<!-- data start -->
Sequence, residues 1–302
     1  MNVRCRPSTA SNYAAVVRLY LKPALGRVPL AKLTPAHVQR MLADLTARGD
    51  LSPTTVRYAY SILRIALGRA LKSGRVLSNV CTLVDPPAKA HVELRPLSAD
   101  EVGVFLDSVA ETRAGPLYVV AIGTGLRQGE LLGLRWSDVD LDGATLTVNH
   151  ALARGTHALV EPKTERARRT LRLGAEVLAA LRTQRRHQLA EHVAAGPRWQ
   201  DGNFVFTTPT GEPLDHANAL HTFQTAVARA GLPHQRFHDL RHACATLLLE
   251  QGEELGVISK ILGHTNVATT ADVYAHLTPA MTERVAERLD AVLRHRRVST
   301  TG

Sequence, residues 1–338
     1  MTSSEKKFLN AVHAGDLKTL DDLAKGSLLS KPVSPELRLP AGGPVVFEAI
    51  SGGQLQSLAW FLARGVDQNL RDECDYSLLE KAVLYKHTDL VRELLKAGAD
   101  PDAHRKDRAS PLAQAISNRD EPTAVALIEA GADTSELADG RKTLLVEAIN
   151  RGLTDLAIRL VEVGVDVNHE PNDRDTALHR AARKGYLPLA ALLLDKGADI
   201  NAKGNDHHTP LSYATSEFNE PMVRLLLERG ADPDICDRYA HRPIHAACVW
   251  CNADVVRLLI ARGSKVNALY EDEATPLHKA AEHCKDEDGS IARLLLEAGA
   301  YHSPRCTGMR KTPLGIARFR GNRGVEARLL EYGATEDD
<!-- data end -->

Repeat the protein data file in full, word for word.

Sequence, residues 1–302
     1  MNVRCRPSTA SNYAAVVRLY LKPALGRVPL AKLTPAHVQR MLADLTARGD
    51  LSPTTVRYAY SILRIALGRA LKSGRVLSNV CTLVDPPAKA HVELRPLSAD
   101  EVGVFLDSVA ETRAGPLYVV AIGTGLRQGE LLGLRWSDVD LDGATLTVNH
   151  ALARGTHALV EPKTERARRT LRLGAEVLAA LRTQRRHQLA EHVAAGPRWQ
   201  DGNFVFTTPT GEPLDHANAL HTFQTAVARA GLPHQRFHDL RHACATLLLE
   251  QGEELGVISK ILGHTNVATT ADVYAHLTPA MTERVAERLD AVLRHRRVST
   301  TG

Sequence, residues 1–338
     1  MTSSEKKFLN AVHAGDLKTL DDLAKGSLLS KPVSPELRLP AGGPVVFEAI
    51  SGGQLQSLAW FLARGVDQNL RDECDYSLLE KAVLYKHTDL VRELLKAGAD
   101  PDAHRKDRAS PLAQAISNRD EPTAVALIEA GADTSELADG RKTLLVEAIN
   151  RGLTDLAIRL VEVGVDVNHE PNDRDTALHR AARKGYLPLA ALLLDKGADI
   201  NAKGNDHHTP LSYATSEFNE PMVRLLLERG ADPDICDRYA HRPIHAACVW
   251  CNADVVRLLI ARGSKVNALY EDEATPLHKA AEHCKDEDGS IARLLLEAGA
   301  YHSPRCTGMR KTPLGIARFR GNRGVEARLL EYGATEDD